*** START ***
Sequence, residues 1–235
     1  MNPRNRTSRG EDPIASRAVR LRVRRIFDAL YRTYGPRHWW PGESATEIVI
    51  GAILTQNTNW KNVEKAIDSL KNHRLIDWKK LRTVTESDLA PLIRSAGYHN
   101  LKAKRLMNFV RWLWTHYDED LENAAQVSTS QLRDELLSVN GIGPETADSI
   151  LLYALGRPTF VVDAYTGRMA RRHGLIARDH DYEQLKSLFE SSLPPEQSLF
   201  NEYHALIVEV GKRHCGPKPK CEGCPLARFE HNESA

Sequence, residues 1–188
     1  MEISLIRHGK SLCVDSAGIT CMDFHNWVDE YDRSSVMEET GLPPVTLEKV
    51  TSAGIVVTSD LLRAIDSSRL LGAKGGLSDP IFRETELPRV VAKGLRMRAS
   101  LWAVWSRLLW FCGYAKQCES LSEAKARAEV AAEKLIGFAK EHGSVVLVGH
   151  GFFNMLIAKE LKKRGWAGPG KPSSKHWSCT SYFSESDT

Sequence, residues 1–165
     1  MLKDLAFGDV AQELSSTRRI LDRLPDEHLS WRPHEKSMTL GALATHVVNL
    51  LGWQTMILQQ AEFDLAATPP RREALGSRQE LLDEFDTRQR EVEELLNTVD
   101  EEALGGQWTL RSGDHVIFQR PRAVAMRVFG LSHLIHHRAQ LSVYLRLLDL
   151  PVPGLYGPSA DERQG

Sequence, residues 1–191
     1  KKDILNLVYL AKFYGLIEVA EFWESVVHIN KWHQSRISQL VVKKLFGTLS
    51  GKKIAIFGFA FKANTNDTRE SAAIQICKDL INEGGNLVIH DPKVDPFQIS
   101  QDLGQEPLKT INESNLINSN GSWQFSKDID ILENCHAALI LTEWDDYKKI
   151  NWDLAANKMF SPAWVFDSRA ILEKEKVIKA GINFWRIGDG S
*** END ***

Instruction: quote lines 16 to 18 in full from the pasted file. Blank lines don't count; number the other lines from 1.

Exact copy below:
   151  PVPGLYGPSA DERQG

Sequence, residues 1–191
     1  KKDILNLVYL AKFYGLIEVA EFWESVVHIN KWHQSRISQL VVKKLFGTLS